The Last Enemy by Richard Hillary (1942) 221 p.

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One of the things that’s struck me – looking back at history as an adult with fresh eyes, rather than with the received background wisdoms we get through early schooling or pop culture – is an appreciation of looking at past events through the eyes of people alive at the time, and how those events then compared to their own past. World War I, for example, seems to us like an inevitability, and a rather old-fashioned sort of war compared to the blitzkrieg of World War II; but for those living through it, it was the point at which the future started looking bleak instead of hopeful, the unhappy dark conclusion to the industrial revolution, the optimism of the Gilded Age and the green agrarian fields of Europe turned into the muddy, rusty, mechanical hell of a machine war. It must have felt like the end of the world.

Similarly, the Battle of Britain is such a proudly-remembered, immortalised landmark of history that we ironically don’t appreciate it as much as we should. It was the first great air battle in human history. For thousands and thousands of years human beings had killed each other across Europe, and for nearly a thousand years Britain’s geographic fortune meant it was largely protected from foreign invasion by sea. When the British Expeditionary Force packed off to France in 1939, they expected this war would turn out largely like the last one: a stalemate in the muddy trenches of the Low Countries. They certainly never expected that Britain’s sovereignty might be threatened, or that the skies above London – the ultimate home front – would play host to a battle between flying machines that simply hadn’t existed two generations ago. (One of the most striking images of the Battle of Britain, to me, is the contrails in the sky above St Paul’s Cathedral.) The flyleaf of my copy of The Last Enemy has the oldest inscription I think I’ve ever seen in a book I own: “To Les, March 1943.” The worst of the danger had passed by 1943 but it’s still strange to think Les received this book as a gift from somebody while the war was still ongoing, when the outcome was still in play. It certainly makes history feel less far away.

Richard Hillary was an Oxford student in the 1930s who signed up to the RAF when the war broke out. The Last Enemy is an interesting first-hand description of what it was like to be one of the men so rightly idolised these days, the fighter pilots who defended Britain against the Luftwaffe and a potential invasion. Hillary was by calling a writer, though it’s fair to say that this is one of those books (like Alive by Paul Piers Read) which is compelling not because it’s told with any particular flair but simply because the events it describes are so compelling.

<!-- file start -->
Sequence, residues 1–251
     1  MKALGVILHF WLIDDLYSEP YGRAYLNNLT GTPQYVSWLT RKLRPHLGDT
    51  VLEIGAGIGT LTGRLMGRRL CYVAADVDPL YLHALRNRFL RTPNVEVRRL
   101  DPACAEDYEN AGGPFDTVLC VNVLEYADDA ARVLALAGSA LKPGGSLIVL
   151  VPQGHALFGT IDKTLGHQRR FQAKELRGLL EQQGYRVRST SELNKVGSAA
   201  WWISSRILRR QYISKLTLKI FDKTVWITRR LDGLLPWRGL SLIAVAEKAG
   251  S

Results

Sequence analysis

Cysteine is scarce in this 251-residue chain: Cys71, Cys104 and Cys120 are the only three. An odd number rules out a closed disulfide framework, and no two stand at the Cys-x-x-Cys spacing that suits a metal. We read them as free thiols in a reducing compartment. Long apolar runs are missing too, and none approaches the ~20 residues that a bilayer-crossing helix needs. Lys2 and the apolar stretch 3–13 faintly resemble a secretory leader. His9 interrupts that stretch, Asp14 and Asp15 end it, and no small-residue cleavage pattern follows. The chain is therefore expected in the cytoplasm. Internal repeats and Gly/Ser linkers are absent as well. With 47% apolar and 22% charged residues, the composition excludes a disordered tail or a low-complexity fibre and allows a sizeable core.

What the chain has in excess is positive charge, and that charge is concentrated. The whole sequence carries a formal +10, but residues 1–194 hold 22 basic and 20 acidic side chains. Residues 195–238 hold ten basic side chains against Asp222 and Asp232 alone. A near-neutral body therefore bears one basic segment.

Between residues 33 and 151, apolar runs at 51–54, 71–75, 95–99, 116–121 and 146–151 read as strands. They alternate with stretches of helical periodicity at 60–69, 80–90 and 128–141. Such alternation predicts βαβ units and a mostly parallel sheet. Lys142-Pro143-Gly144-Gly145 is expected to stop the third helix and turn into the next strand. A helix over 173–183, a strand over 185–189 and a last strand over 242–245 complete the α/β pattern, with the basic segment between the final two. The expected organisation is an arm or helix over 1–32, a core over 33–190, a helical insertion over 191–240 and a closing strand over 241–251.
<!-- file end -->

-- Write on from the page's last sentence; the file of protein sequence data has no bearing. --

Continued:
It’s also very much a book of two halves. Hillary was shot down over the North Sea during the Battle of Britain and was badly burned on the face and hands, and the second half of The Last Enemy details his hospital treatment and recovery. In many ways this is the more interesting story: going straight from being a glamorous hot-shot fighter pilot to a pitiable and broken thing, blinded, awash on a tide of pain and morphine in a hospital bed, rendered a helpless bystander in a war he desperately wanted to go back to fighting. It also, at great length, details the kinds of things which put the lie to any notion of glamour. It’s one thing to die for your country. It’s quite another thing to get your eyelids burned off, have crude replacements cut from the skin of your forearm to replace them, spend months immersed in 1940s healthcare, undergo saline baths, listen to the screaming of the other patients, incubate a terrible infection in your burns, and eventually leave hospital disfigured for life to face a society that doesn’t quite want to look you in the eye anymore. Hillary would certainly never say it, and maybe it’s just my own medical squeamishness, but the feeling I got was that this kind of ordeal was a far worse experience than anything active combat could put you through.

One remark of [my mother’s] I shall never forget. She said: “You should be glad this has to happen to you. Too many people told you how attractive you were and you believed them. You were well on your way to becoming something of a cad. Now you’ll find out who your real friends are.” I did.

Hillary himself is quite an introspective fellow, though strangely for a memoir I couldn’t say I really got to know him. It very much feels like he’s building his own image up. More telling, I think, than any aspect of his personality he shows to the reader is the truth of his fate, which obviously isn’t included in the book. He eventually managed to pass the medical board and go back to flying – not in combat, but still flying for the RAF – even though, by the account of his fellow officers, he could barely hold his knife and fork in the mess hall, got splitting headaches and had trouble reading the altimeter. Clearly there was some burning drive within him to risk his own life (and that of others), to ignore his own medical condition, to go back if not to battle than at least to the skies. He inevitably crashed and died on a night training flight in Scotland in 1943. He was twenty-four years old, which, to me these days, seems terribly young.